The Changing Face of Germany

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Islam is the fastest-growing religion in the world. All across the globe different individuals from different cultures and backgrounds are embracing Islam. Many are from Western countries. Each new convert has a story, a journey and a reason. And each has experienced significant changes in their lives. Many describe the experience as being born anew and some simply can’t find the words to explain. Isabelle Wachter is amongst the many Muslim converts in Europe. She is a German lawyer and mother of three. In this documentary she will share her story of converting to Islam and her new life as a Muslim woman in the German society.

TIME CODE: 00:00_05:00

SOUNDBITE [German], Isabelle Wachter, Lawyer: I come from a small town in Hessen, Röhn. My name is Isabelle Wachter, it is still my name, nothing has changed. I am married and have three children with the age of five, three and one. I am a lawyer practicing law in my own office, in Offenbach am Main, since 2009. The focus of my work is family law; including child custody, child support, immigration law, asylum law and social rights. When I converted to Islam I was living in Marburg. But my parents were not living there. I am an only child.Until my 24th birthday I was a Catholic Christian. Well, my parents were very unhappy. For them it was very bad and they couldn’t understand it. My mother cried and my father reacted very disappointed. Both are of Christian origins and extremely associated with their traditions. So in the beginning I decided not to tell them about it because I wanted to cope with it on my own. I wanted to learn all about it because it takes steps towards a big life change. I was very happy back then. I just wanted to enjoy it without all the tentions in the beginning. I get up for morning prayers between 4 and 5 am. Afterwards I lay down again. Finally I get up between 8 and 9 am. I prepare my daughter for kindergarden. I make coffee and eat breakfast. Shortly after, I take my daughter to kindergarden. We are going to a non-religious, integrative kindergarden for handicapped children, called, ‘Handicapped Aid Offenbach‘.

TIME CODE :05:00_10:00

SOUNDBITE [German], Isabelle Wachter, Lawyer: I did research about this kindergarden and came to the conclusion that being with handicapped children is beneficial. They have a high capacity for care and I think it is good for my daughter to learn and to be mentored with them together. If I wouldn’t have found a place there, I would have taken her to a Catholic or Protestant kindergarden. Children are confronted with other religions anyway, and they learn soon enough that the majority are not Muslims. I am convinced that my children can be taught about their religion at home. So, I don’t see a big problem here. From here, I go directly to my office. Sometimes, clients are already waiting for me. Sometimes I work, make phone calls or do bank transfers. In Offenbach, there are foreigners with 80-90% migration background. Most of my clients are stopping by without appointments. Thus, my daily schedule is not easy to organize. Most of the time I won’t have lunch before three pm. Often, my secretary calls after me because clients are waiting in line.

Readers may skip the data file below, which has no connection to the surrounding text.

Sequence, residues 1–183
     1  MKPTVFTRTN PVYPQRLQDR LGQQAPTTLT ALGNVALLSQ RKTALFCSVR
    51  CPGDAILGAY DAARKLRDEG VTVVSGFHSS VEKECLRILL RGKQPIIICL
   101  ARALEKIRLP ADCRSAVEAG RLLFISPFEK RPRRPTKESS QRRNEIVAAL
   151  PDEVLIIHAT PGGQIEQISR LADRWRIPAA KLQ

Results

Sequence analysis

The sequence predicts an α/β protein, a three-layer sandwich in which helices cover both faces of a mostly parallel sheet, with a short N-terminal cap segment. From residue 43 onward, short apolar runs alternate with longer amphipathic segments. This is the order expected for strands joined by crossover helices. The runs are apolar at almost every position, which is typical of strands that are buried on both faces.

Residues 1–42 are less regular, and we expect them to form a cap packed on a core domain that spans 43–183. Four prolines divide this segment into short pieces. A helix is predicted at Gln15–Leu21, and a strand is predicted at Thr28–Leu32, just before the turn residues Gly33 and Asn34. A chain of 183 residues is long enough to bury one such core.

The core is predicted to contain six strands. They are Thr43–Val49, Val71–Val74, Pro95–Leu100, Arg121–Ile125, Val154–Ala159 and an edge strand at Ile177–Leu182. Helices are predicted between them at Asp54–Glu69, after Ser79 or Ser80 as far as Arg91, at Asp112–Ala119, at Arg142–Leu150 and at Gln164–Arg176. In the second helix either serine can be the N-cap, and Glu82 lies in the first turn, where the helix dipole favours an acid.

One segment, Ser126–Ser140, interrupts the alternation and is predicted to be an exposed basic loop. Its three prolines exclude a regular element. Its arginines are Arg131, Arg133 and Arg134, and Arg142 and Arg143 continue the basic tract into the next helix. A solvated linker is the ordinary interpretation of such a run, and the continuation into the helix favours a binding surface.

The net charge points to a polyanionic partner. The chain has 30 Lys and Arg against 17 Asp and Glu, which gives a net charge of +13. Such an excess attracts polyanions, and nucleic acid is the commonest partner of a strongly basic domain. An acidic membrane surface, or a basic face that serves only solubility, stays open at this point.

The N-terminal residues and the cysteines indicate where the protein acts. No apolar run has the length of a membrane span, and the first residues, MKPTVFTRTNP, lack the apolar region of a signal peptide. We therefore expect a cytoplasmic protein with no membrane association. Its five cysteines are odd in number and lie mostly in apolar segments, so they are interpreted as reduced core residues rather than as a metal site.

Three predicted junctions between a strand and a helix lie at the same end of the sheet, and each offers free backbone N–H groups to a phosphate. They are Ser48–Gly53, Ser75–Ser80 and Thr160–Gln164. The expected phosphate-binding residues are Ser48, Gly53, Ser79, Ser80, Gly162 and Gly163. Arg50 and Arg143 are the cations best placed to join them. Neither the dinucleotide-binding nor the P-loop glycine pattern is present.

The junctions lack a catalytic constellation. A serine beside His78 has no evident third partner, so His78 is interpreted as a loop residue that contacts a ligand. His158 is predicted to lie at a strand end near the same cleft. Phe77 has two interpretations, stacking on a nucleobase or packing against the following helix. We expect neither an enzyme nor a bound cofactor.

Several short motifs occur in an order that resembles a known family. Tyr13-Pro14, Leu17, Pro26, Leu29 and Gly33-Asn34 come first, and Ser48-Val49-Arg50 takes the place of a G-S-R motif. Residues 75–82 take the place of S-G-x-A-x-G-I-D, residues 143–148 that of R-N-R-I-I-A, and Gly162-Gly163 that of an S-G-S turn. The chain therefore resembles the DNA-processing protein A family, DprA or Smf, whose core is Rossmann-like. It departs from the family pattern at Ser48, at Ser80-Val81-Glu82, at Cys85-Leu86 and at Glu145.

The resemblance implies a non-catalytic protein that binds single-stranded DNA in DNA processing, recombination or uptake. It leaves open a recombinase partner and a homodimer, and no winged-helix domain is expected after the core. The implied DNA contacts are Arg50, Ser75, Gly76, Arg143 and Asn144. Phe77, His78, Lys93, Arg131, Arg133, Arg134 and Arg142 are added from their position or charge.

SOUNDBITE [German], Isabelle Wachter, Lawyer: How are you? Mr. Khamayev is here now.

SOUNDBITE [German], Translator: OK, then we’ll start.Isabelle, he is asking about the Dublin Visa, Do you have any news?

SOUNDBITE [German], Isabelle Wachter, Lawyer: I received a letter that his wife should conduct an examination by a public health officer to evaluate if she is fit to travel. I applied for a restriction for deportation for his wife because of her illness.I gave him the letter. All the best, Mr. Khamayev. Sometimes, I do other things because I won’t have time to do them at home. I just have no time! For that reason I do everything at the same time. For example I use WhatsApp groups. No idea, how many I have. one, two, three, four WhatsApp groups. I receive news and Hadiths and other notifications. Otherwise, I listen to lectures while I work, or I listen to the Quran or I read something. Things I can do parallel, for example, listening to youtube clips. There are innumerable lectures about Islam that I can listen to. Yes, my husband stays at home with the two small ones.When the weather is nice he walks them into the city.

TIME CODE :10:00_15:00

SOUNDBITE [German], Isabelle Wachter, Lawyer: Sometimes my husband stops by for 30 minutes. I try to integrate my private life into my work schedule. usually I come back from work at around 9 pm. Afterwards I take the children to bed. I converted to Islam in 2006. That’s when I said the Shahada. A couple of months before that I had done research about Islam. But it didn’t take long. You can say basically I read the Quran once and then converted. I bought the first translation of the Quran at an information stand from a mosque in Marburg. This one I read. I was touched by the language that was being used in the Quran and when I read the Quran it became clear to me immediately that it couldn’t have been written by a human being. Because the insight and knowledge of the Quran, in all respects, does not originate from a human being. I feel reverence for the author of this book. The Quran addresses every human being personally. And I have the feeling that God personally speaks to me. For me it was very easy to read. I felt deeply moved and convinced. I find it hard to put it into words, but it touched my heart immediately. I only cried. I couldn’t stop crying. It is a feeling beyond words and incomparable with anything else. I had never even dreamt that such a thing could exist. In the beginning I pictured it like the Bible. But it is totally different. It is completely different and I couldn’t believe that something like this could exist,which is so insightful, which holds so much genuine truth as the Quran. For me it became clear that it was all but impossible that the Quran would originate from a human being. The women from the mosque were very supportive. Of course, my husband was too. Especially in difficult times they were there for me. I just don’t have the time to cultivate many friendships. For that reason I narrow down my contacts. I have two or three girlfriends and most of them are Muslim–Germans.